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FishPass stays off November ballot, will be decided in appeals court

fishpass_x-section_rendering_reference.jpg
Great Lakes Fishery Commission
A rendering of the FishPass project in Traverse City

The fate of Traverse City’s FishPass project will be decided in court. That’s after city commissioners decided not to put the question before voters in November.

Instead, the city will try to resolve the issue in the Michigan Court of Appeals.

“It’s more than just a question of whether or not there’s going to be a FishPass or dam replacement,” says commissioner Roger Putman. “It’s a question of what defines parkland– not only for the city of Traverse City but of course any municipality in the state of Michigan.”

Right before the project was scheduled to start in January, Traverse City resident Rick Buckhalter filed a lawsuit. Part of his concern was the number of trees that would be cut down in order to build the new structure. He argued the area is city parkland, and therefore required a vote from residents to change it.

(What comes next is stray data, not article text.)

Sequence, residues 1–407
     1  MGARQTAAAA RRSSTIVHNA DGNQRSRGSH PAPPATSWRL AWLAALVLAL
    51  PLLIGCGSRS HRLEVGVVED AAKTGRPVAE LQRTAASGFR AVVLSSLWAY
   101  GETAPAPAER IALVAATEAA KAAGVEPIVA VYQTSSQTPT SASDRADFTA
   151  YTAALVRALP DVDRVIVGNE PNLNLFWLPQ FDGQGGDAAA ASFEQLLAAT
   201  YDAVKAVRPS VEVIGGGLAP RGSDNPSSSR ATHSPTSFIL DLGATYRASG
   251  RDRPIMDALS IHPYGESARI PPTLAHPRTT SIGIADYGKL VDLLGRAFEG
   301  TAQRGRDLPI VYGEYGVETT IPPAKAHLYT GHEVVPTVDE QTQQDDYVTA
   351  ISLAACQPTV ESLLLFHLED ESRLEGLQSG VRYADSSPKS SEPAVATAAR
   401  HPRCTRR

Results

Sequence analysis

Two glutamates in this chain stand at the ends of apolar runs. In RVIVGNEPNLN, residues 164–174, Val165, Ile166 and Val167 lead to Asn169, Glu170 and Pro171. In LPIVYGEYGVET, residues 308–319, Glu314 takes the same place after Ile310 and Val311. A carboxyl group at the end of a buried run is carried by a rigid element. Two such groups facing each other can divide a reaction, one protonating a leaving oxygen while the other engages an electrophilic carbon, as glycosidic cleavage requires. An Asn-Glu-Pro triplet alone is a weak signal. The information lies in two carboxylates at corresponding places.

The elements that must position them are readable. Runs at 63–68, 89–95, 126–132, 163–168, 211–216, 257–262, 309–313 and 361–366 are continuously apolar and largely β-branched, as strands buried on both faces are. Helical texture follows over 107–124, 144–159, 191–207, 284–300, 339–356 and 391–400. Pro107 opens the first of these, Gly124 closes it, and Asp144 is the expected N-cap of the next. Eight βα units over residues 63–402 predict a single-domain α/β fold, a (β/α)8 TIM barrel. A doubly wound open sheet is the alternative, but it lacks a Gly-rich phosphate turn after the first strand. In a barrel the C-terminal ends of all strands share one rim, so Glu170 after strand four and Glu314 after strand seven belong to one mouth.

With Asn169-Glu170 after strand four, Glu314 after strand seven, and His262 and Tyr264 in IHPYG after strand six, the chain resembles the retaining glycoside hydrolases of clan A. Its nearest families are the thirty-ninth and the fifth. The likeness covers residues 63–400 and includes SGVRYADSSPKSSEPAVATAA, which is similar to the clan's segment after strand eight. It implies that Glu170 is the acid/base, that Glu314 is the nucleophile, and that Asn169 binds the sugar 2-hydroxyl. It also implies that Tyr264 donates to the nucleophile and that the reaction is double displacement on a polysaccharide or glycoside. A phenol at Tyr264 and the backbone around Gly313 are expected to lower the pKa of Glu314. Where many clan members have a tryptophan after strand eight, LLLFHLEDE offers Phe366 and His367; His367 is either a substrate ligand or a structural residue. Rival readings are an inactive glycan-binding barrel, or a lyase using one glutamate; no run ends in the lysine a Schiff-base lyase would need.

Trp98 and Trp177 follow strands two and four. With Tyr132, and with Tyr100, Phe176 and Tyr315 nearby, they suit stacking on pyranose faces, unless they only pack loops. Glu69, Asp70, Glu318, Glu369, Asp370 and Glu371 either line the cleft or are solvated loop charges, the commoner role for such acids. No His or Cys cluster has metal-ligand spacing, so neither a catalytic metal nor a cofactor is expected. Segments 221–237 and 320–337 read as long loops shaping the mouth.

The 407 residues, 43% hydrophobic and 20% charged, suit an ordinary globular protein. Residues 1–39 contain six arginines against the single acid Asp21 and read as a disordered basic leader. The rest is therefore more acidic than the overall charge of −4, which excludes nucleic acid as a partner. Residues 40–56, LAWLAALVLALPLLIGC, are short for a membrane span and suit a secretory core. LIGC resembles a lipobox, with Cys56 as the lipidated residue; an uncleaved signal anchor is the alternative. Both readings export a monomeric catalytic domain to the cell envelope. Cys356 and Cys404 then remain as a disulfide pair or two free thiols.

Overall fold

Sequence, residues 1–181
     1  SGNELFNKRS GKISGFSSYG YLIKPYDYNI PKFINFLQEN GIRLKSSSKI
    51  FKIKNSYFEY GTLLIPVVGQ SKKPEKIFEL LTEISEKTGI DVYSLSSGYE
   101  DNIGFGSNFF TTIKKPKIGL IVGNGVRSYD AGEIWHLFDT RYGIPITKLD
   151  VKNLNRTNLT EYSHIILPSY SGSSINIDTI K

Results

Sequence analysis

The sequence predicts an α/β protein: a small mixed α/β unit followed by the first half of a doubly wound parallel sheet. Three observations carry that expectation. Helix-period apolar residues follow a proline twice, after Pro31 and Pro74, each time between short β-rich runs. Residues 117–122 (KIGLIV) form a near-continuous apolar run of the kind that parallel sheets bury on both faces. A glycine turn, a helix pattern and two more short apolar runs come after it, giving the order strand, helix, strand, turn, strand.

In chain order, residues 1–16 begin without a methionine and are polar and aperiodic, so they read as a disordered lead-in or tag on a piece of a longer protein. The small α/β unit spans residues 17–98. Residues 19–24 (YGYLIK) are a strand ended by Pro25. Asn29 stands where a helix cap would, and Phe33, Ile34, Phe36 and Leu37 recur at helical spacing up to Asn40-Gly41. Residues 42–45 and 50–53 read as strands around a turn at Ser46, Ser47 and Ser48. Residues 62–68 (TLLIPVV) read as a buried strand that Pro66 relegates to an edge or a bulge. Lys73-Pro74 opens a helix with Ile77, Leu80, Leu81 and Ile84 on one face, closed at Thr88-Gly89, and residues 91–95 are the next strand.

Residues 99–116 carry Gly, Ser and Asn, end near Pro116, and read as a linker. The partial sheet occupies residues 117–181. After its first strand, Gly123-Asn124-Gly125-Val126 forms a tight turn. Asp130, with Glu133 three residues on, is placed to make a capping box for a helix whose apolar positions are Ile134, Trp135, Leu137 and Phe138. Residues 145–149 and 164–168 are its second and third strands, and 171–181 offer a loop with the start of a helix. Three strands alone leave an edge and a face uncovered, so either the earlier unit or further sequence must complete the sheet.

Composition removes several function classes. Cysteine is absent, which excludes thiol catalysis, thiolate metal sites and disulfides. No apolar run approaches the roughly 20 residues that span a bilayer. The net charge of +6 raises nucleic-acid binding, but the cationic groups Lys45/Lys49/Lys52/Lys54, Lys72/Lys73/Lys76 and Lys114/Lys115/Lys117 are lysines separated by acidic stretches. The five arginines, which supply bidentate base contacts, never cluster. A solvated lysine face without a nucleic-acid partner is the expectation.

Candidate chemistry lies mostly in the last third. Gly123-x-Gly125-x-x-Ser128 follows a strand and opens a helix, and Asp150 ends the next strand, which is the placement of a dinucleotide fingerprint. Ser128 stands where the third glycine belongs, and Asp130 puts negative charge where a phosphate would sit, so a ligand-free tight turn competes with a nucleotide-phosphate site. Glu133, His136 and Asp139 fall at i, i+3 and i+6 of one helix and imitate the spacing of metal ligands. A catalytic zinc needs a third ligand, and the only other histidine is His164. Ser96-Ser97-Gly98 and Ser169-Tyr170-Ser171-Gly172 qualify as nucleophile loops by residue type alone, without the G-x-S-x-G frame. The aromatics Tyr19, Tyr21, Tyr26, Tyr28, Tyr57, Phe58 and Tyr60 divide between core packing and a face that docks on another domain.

In April, circuit court judge Thomas Power concurred, and ruled Traverse City needs to let voters decide on FishPass.

Commissioner Putman disagrees.

“It’s not just the decision on whether or not this particular project will move forward,” Putman says. “It’s whether or not any city property can be claimed as parkland even though it is not officially designated as such in any of the charter or the city records.”

Buckhalter’s attorney Jay Zelenock says failure to put the issue on the ballot showed him the city thought it would lose.

“I think the city’s decision not to put it on the ballot tells you something about their own read of local sentiment,” he says. “Certainly Mr. Buckhalter is not alone in opposing this proposal.”

Now, the FishPass project could be stuck in appellate court for months. If the lower court ruling is overturned, FishPass will begin without a vote.

The Union Street Dam is the last remaining dam in the Boardman River system. It is the only thing that stands between the river and Lake Michigan.

“The existing dam is old and leaky,” says Marc Gaden, communications director for the Great Lakes Fisheries Commission. “That dam also lets Sea Lampreys past.”

Sea Lampreys are parasitic fish that attach onto other fish, draining their blood and often killing them.

FishPass is a nearly $20 million dollar project that would replace the Union Street Dam. It’s a first-of-its-kind initiative which aims to keep invasive species from swimming up the Boardman River, while allowing native fish to pass.

For more information on FishPass, click here